Transgender is a term described by people whose gender identity differs to their assigned sex at birth; often described as birth gender. These gender expressions are inner feelings expressed by the individual. If a man was born a boy at birth, but inside he feels as if he’s a woman, he’s considered transgender. Some who identify as transgender will alter their appearance through clothing or hair changes; others alter their bodies through gender-affirming surgeries to match their biological gender with their gender identity. The term transgender was first used by Virginia Prince who used “Transgenderal” in 1969 during a play on the term “Transsexual.” The two differ in several ways. According to a 2014 article by Susan Scutti, “transsexuals are people who transition from one sex to another. A person born as a male can become recognizably female through the use of hormones and/or surgical procedures; a person born as a female can become recognizably male.”


Queer is more applicable in today’s society, addressing fluidity amongst sexual orientation, and identification that is not heterosexual. It is a term that can narrow one identity or cover the entire umbrella of different identities. People who identify as queer, refuse to identify with mainstream labels. The term originated in Scotland in the late 1800s as a derogatory reference for gay men. Decades later, the term made its way to America into news publications including the Los Angeles Times. Throughout the mid-20th century, the term incited violence against gay men even after the 1969 Stonewall riots. In 1990 during New York City Pride, an organization called Queer Nation distributed flyers titled, “QUEERS READ THIS.” The bold move looked to destroy negative connotations of the word and garner in a new understanding of what queer; it’s an umbrella term for inclusivity minus defined labels.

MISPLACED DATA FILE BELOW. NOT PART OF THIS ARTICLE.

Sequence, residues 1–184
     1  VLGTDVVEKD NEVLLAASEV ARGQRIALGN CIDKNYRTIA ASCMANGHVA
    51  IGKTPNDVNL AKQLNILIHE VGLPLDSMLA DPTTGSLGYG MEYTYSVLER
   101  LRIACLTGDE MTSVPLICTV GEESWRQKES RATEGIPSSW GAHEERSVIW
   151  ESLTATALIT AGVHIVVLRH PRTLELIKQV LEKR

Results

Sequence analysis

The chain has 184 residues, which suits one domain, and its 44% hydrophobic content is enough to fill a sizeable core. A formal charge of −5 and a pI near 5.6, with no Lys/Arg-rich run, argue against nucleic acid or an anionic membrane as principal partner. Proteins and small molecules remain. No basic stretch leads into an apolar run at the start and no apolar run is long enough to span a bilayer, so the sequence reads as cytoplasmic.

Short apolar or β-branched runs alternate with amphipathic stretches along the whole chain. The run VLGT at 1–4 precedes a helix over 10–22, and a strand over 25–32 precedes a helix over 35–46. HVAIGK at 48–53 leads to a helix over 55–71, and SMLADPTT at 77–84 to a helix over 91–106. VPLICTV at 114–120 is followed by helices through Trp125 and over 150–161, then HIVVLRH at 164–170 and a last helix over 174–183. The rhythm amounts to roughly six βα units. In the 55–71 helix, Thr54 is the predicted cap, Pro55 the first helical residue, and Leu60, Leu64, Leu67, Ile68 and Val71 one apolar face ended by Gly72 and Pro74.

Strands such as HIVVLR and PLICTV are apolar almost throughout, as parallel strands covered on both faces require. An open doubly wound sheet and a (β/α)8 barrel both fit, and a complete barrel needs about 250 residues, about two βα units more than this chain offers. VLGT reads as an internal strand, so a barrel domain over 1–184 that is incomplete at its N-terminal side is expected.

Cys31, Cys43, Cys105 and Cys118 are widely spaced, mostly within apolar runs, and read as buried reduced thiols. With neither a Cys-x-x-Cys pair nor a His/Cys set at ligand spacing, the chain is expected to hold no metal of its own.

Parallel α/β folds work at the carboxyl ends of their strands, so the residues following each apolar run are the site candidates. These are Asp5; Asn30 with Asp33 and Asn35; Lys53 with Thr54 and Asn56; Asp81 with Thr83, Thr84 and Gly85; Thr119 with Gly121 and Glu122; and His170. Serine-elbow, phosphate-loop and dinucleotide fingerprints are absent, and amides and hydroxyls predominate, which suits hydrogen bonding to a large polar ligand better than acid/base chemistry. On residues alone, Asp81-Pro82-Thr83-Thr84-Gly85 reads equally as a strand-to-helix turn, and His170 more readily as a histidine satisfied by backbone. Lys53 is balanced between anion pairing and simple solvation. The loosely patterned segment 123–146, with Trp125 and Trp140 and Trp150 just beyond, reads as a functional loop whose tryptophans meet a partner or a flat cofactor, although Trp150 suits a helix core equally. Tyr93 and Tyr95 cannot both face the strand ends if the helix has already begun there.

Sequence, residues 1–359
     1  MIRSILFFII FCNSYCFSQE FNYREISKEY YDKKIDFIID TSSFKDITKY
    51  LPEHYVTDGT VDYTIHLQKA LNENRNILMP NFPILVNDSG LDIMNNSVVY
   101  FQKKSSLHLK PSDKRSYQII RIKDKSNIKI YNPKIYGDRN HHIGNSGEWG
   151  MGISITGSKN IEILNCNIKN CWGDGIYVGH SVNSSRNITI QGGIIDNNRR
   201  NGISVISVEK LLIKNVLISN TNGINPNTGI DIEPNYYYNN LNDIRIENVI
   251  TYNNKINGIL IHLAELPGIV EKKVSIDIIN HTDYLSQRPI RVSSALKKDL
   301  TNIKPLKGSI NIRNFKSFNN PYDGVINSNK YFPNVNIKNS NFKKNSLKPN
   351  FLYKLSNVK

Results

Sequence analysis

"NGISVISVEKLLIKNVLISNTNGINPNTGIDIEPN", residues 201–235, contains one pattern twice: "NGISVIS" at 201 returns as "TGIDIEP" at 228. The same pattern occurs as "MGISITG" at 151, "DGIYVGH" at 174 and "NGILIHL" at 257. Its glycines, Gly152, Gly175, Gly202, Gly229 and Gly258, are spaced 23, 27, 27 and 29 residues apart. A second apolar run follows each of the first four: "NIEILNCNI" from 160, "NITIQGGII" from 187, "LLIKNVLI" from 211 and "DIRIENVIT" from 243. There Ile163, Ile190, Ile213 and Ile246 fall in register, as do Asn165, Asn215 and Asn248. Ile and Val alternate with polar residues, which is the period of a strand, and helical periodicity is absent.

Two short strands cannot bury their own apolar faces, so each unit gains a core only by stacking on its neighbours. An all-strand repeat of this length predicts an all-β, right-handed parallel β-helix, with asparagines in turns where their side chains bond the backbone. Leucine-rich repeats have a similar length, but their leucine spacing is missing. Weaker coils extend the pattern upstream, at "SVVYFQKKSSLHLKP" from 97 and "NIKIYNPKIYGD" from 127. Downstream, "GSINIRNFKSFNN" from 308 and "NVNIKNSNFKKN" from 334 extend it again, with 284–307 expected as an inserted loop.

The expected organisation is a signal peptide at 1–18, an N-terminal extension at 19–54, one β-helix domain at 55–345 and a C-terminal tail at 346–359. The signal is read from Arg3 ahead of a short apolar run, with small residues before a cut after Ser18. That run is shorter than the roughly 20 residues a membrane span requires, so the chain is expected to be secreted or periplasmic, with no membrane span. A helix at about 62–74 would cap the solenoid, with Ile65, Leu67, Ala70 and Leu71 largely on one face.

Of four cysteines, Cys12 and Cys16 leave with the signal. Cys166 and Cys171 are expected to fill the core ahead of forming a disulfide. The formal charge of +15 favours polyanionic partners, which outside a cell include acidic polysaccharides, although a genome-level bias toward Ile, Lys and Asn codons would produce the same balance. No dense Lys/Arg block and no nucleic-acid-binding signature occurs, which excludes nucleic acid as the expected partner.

Questioning is a term that can be interchanged with Queer depending on the person using the identifier. The label concerns those who are questioning their biological gender, sexuality, and/or gender identity. Its rise into the acronym list happened in the early 2000s, but the term has often been interchanged with Queer when referring to the Q in LGBTQ.


After the Q, there are several other identities that have come to call the LGBTQ acronym home. Different organizations and media sources including the Georgia Voice use LGBTQ, but some include other identifies using the plus symbol. We’ll discuss some of those (+) identifiers:


Intersex is a variation in sex characteristics including chromosomes or genitals at birth that doesn’t distinctly identify a person as male or female. Being born intersex is relatively common, about one in 2000 births according to the Intersex Society of North America. There are different variations of intersex including the most commonly known, Klinefelter Syndrome. Statistics show the number of people receiving surgery to “normalize” genital appearance is about one or two in 1,000 births.


Asexual is when someone feels no sexual desire or attraction, or low or absent interest in sexual activity. It is not the same as celibacy. It may be considered the lack of sexual orientation.


Pansexual also known as omnisexuality is when someone is attracted to anyone, regardless of what gender he or she may identify with, or what his or her sex is. Pansexuals refer to themselves as gender-blind, asserting that gender and sex are insignificant in determining their sexual attraction.


Polysexual is when someone is attracted to multiple genders, but this doesn’t include all of them.


Cisgender is when someone identifies with his or her assigned gender, also known as a metrosexual.


While there are more identifiers included in the (+) depending on whom you speak to, it’s essential to know all are part of the bigger picture. Love is love; it’s a universal feeling felt regardless of your sexual orientation or gender. Although these identities and orientations aren’t what define love, it’s important to understand how sensitive these identifications can be to the LGBTQ+ community around the world.